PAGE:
The bonnet system is anticipated to be operational by January 1, 2025.


CAEM was founded in 2010 and has over a decade of working experience on over 400 vessel calls and 23,000 hours of vessel exhaust treatment. A full-service company providing both design and build as well as operations and maintenance of emissions capture and control systems, CAEM has a successful operational history at both the Port of Los Angeles and the Port of Long Beach.


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Brianne Page Public Information Officer Port of San Diego

The agreement is a good business deal for the Port, according to Brianne Page, public information officer at the Port, who notes that CAEM is providing up-front capital financing for the portion of the project not covered by the CTC grant -- and has agreed to the following additional commitments:


• CAEM will design, build, and deliver to the Port a METS unit which is compliant with CARB regulations;


• CAEM will provide the capital necessary for the construction, delivery, and operation of the METS (subject to reimbursement of certain costs through grant funding obtained by the Port);


• CAEM will operate and maintain the METS during the duration of the contract through a revenue sharing arrangement with the Port;


• The Port’s share of revenue will be applied to reduce the capital investment of CAEM over time; and


• CAEM and the Port will jointly own the METS until CAEM has fully recovered its capital investment in the ECCS.


Clean Air Projects


Other notable clean air projects in the works at the Port include:


• Doubling shore power for cruise ships in fall 2022.


• Installation in 2023 of two all-electric Konecranes Gottwald Generation 6 Mobile Harbor Cranes to replace the obsolete diesel mobile harbor crane at the Tenth Avenue Marine Terminal.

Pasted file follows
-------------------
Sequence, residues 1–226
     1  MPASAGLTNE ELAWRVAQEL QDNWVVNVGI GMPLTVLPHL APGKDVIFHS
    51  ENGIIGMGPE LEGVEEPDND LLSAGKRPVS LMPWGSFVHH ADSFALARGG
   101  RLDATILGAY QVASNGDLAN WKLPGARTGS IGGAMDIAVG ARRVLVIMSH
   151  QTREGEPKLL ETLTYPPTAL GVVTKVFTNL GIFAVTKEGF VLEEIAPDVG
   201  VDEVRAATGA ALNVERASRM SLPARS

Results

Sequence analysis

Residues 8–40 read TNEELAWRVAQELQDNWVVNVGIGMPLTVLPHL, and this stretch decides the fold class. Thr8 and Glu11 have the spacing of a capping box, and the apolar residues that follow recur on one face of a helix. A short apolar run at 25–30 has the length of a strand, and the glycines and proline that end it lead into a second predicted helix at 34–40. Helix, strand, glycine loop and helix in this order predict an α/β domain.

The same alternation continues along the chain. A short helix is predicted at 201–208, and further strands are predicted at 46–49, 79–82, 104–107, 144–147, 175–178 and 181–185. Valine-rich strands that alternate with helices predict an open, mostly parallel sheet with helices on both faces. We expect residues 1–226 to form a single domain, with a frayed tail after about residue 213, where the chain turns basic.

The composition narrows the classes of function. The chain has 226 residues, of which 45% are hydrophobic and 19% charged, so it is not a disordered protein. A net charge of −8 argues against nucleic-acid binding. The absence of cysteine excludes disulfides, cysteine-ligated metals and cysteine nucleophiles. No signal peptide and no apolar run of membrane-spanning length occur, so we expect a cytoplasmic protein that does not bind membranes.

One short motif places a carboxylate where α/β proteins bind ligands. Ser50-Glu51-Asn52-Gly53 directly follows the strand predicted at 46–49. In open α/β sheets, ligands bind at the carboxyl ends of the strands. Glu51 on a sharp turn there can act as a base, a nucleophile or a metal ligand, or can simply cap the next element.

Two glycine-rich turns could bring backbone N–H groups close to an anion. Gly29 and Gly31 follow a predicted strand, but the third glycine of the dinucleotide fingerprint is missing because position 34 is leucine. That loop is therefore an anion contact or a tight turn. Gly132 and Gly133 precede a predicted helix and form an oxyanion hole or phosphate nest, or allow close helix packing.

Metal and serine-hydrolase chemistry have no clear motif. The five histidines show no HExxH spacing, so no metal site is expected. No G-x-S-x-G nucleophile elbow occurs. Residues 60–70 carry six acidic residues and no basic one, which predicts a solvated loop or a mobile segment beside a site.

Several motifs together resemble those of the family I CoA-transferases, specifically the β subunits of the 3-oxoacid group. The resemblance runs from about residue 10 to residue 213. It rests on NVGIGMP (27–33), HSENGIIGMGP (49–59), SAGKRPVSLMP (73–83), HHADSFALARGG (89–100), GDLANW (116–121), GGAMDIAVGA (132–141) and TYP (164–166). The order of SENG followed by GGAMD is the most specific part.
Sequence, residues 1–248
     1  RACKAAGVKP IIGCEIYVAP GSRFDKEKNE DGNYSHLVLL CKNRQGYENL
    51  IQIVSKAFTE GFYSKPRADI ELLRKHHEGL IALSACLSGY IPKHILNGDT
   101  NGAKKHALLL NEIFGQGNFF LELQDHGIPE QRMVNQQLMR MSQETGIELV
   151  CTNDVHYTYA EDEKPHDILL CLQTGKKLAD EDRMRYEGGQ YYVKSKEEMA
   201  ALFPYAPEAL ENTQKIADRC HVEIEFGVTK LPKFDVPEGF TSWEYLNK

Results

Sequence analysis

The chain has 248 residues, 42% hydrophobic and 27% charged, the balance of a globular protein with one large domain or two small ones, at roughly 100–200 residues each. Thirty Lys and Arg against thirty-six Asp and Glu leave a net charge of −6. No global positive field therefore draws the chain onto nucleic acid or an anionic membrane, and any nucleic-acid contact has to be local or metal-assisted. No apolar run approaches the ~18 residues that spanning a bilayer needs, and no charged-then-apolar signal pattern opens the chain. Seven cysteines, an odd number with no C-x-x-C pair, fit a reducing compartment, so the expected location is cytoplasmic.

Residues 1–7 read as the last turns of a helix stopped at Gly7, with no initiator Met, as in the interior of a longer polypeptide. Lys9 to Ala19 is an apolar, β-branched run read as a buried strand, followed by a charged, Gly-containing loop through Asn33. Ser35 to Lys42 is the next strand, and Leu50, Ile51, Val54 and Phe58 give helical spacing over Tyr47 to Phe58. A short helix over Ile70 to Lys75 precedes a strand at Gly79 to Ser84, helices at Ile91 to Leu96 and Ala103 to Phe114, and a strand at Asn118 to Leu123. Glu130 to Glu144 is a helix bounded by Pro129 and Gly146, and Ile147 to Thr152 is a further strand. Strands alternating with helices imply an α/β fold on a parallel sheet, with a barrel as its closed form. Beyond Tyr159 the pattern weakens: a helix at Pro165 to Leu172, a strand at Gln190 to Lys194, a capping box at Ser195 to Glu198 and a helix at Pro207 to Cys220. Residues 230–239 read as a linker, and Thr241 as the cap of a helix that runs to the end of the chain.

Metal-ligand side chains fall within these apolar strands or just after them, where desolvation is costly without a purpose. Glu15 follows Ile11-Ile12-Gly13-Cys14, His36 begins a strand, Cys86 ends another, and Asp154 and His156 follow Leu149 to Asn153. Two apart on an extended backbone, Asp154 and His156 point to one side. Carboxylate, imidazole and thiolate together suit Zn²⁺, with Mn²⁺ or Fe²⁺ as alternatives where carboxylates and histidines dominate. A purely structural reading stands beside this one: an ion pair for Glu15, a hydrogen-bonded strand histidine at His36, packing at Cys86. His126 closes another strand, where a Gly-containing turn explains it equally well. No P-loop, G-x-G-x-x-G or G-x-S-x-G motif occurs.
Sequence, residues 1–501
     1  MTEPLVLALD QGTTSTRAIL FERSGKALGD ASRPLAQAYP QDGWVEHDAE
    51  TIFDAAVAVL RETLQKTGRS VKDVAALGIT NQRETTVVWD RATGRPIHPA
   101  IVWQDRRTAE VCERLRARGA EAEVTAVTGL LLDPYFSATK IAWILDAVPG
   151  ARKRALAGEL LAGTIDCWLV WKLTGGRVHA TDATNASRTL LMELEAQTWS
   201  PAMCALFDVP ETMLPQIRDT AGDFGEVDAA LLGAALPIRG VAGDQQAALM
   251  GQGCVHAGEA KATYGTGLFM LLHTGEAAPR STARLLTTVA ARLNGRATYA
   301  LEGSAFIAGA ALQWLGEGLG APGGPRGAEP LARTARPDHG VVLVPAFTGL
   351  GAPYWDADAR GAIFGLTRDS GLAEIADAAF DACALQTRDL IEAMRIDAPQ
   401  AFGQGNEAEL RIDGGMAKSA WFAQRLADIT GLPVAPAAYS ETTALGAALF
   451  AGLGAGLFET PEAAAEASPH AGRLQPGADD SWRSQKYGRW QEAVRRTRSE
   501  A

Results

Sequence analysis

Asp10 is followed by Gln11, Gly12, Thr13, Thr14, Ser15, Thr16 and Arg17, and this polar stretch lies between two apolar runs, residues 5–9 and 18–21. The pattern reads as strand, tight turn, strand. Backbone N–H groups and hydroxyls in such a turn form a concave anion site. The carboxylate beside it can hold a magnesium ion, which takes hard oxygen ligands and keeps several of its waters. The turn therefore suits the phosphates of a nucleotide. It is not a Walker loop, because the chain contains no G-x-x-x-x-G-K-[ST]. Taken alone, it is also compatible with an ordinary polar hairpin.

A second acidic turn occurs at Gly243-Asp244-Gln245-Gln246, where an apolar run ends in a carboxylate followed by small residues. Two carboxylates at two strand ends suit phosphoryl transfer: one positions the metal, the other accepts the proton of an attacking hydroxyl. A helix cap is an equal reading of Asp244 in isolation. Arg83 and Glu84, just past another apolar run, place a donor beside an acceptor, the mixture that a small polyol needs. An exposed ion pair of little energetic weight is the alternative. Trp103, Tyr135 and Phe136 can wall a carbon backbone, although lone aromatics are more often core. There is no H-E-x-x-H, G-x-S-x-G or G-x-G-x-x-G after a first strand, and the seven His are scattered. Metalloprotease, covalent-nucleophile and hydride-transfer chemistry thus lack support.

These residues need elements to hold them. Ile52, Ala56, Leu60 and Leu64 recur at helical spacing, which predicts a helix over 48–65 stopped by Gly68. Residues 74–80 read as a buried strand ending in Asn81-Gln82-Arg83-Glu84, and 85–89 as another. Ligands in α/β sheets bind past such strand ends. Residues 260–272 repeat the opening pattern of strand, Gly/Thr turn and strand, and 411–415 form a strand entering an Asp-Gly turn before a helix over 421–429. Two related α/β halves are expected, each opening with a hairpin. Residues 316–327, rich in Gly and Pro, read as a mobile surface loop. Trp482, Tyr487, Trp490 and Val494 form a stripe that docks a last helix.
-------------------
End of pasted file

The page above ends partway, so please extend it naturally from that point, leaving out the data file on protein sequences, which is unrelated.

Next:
• The first all-electric tugboat in the U.S., being built and to be operated by Crowley, will operate in San Diego Bay beginning in 2023 as will 16 new electric trucks and vans that will replace gas- or diesel-powered vehicles in the Port’s fleet.


The Port of San Diego is a specially created district, balancing multiple uses on 34 miles along San Diego Bay spanning five cities.


The Port, which does not collect taxes, manages a diverse portfolio to generate revenues that support vital public services and amenities.

The Port of San Diego, the fourth largest of the 11 ports in California, includes Chula Vista, Coronado, Imperial Beach, National City and San Diego.


The Port oversees two maritime cargo terminals, two cruise ship terminals, 22 public parks, the Harbor Police Department and the leases of hundreds of tenant and subtenant businesses around San Diego Bay, including 17 hotels, 74 restaurants, three specialty retail centers and numerous other attractions including museums and bay tours.


Port of San Diego
Founded: 1962
CEO: Joe Stuyvesant
Employees: 550+
Headquarters: 3165 Pacific Highway, San Diego
Website: 
www.portofsandiego.org
Contact: (619) 686-6200
Notable: The Port supports more than 44,300 jobs and has an estimated $9.4 billion impact on the region’s economy.